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I'm about to get the keys to my new, Dutch home in a few months. It's a newly built apartment which comes with approximately 30 square meters of backyard that's free for plants, and a bit of front yard as well. Right now, both the back and front yard are just a building site, with dry brown sand/dust everywhere. I know the natural soil state of the place is dry, acidic and infertile, because of the heath and pine tree forest that's just across the road. So I know I have work to do to turn this into more fertile soil and a lush green garden, but I have no clue how to start doing this, and when/which season is the best to start this, or when I can start putting in plants.

I have already determined I want a lot of plants, and preferably also a big variety of plants, in my small garden. I'm not exactly sure what kind of plants yet, but I've been thinking about edible things (blackberries, strawberries and some herbs), pretty things (I really like clematis and butterfly bush, but also bulbs like tulips and narcissus), and insect-friendly flowers ('weeds') with an insect hotel. Most of what I will eventually plant will probably depend on what kind of environment I can realistically create though.

I've found a source suggesting it can take over a year for 'ground life' (like rain worms) to reach 'healthy' levels, and to not plant anything before that had happened. But it wasn't mentioned how to recognize "healthy", though it makes sense that there need to be some worms in a healthy garden. What I can find about turning a building site into a garden with good soil quality seems contradictory and biased, probably because this is mostly from companies or people that make their money in gardening/landscaping.

Sources seem to be divided into two camps: the first suggests to dig up the top layer of ground, as it will be compacted by heavy machinery travelling across it, and contain a lot of small bits/pieces of (inorganic) building material. They argue getting rid of it because otherwise, water won't drain well through very compacted ground and result in flooded pavements and rotting plant roots, and it's a good way to get rid of all the inorganic debris. The other side suggests that just dumping a layer of compost and putting plants in is sufficient. Digging everything up would increase the risk of pavement tiles moving out of alignment as the soil underneath them settles. Sources seem to suggest that ~30cm of compost would be enough, and can be dumped on top without the need for digging out other ground first.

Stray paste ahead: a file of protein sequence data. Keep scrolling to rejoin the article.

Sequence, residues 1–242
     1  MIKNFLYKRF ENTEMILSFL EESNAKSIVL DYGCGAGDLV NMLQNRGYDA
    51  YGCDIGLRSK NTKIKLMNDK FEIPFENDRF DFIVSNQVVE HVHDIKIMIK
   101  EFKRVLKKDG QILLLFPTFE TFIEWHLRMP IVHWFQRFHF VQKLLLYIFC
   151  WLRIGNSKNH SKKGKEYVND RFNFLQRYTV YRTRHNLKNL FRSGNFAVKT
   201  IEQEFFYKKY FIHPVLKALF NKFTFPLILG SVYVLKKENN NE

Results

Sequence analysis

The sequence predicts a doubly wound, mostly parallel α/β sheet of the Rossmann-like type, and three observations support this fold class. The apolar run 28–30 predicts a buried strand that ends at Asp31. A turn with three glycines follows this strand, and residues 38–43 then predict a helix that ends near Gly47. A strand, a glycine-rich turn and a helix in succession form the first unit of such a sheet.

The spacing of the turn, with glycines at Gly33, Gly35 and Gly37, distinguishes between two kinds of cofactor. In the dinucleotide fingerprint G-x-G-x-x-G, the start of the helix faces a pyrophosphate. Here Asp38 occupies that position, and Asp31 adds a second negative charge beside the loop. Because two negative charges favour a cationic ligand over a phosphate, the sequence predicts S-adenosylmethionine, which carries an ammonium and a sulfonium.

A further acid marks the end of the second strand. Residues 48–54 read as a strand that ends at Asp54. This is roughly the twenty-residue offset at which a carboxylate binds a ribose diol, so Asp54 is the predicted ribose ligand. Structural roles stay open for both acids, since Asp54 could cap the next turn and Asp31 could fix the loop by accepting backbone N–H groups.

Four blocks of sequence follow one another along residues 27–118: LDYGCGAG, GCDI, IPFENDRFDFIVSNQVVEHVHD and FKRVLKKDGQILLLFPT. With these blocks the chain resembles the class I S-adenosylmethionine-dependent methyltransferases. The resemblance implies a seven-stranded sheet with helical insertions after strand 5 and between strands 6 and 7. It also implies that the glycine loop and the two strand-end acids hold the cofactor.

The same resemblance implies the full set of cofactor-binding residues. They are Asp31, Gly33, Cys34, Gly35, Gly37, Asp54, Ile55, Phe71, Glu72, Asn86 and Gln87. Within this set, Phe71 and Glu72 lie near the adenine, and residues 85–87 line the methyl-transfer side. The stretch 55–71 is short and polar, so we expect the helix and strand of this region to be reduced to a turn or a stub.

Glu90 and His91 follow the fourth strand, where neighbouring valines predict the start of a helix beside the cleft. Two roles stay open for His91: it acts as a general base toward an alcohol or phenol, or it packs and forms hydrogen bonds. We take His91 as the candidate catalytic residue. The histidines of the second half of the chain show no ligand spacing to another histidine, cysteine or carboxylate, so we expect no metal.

I would love to do as much of this process myself, though if it's really necessary I can get a professional with their equipment to help out. But right now, I have no clue where and when to start, and I'd love some (hopefully independent from money) advice. So: For a new apartment built in an area with originally dry, infertile and acidic soil, what are some good guidelines with regards to when and how to start turning the building site into a more fertile soil for a garden with a variety of plants, and at what point I can start planting plants?

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In my opinion (and you can probably get as many opinions about this as there are posters on this site), what you do depends upon what the builders did. The big question is: Did the builders spread spoil from the apartment across the top of the topsoil that was already on the site?

If the builder did remove most of the spoil, gravel, and debris, then you can follow the second source's advice with the compost, but with a twist. Instead of just spreading the compost on top of the soil and leaving it to decompose, I suggest that you use a rototiller/cultivator/rotovator (?) to both mix the compost into the soil and to break up the compaction at the same time.

If the builder did spread the spoil on top of the soil, then you have upside-down soil, with the spoil (sub-soil and, typically, gravel, rocks and some building debris) on top of the topsoil that was on the site. This situation is probably what the first source you cited was talking about when it recommended removing the top layer of soil (and what does that source suggest the top layer of soil is? 10cm? 15cm? 20cm?). The more you remove, the more expensive the task will be and the more topsoil you will need to replace that top layer. In this case, I suggest you follow the compost-and-till method I recommended in the other paragraph. In this case, you'll also want to use a relatively fine rake to remove all of the larger pieces of rock and debris that are in the soil. You will occasionally be removing debris and gravel from your gardens for the next 10 years.